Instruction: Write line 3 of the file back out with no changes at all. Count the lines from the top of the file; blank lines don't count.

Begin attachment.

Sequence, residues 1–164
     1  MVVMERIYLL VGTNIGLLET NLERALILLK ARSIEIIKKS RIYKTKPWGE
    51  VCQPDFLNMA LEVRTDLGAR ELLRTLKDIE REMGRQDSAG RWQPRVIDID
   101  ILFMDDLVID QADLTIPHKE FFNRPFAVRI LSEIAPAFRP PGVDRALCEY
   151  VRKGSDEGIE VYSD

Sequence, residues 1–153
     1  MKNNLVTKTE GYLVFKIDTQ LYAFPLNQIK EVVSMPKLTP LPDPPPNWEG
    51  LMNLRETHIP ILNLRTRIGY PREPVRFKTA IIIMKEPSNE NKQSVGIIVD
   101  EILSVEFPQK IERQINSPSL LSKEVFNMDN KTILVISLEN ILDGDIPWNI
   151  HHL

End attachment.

    51  VCQPDFLNMA LEVRTDLGAR ELLRTLKDIE REMGRQDSAG RWQPRVIDID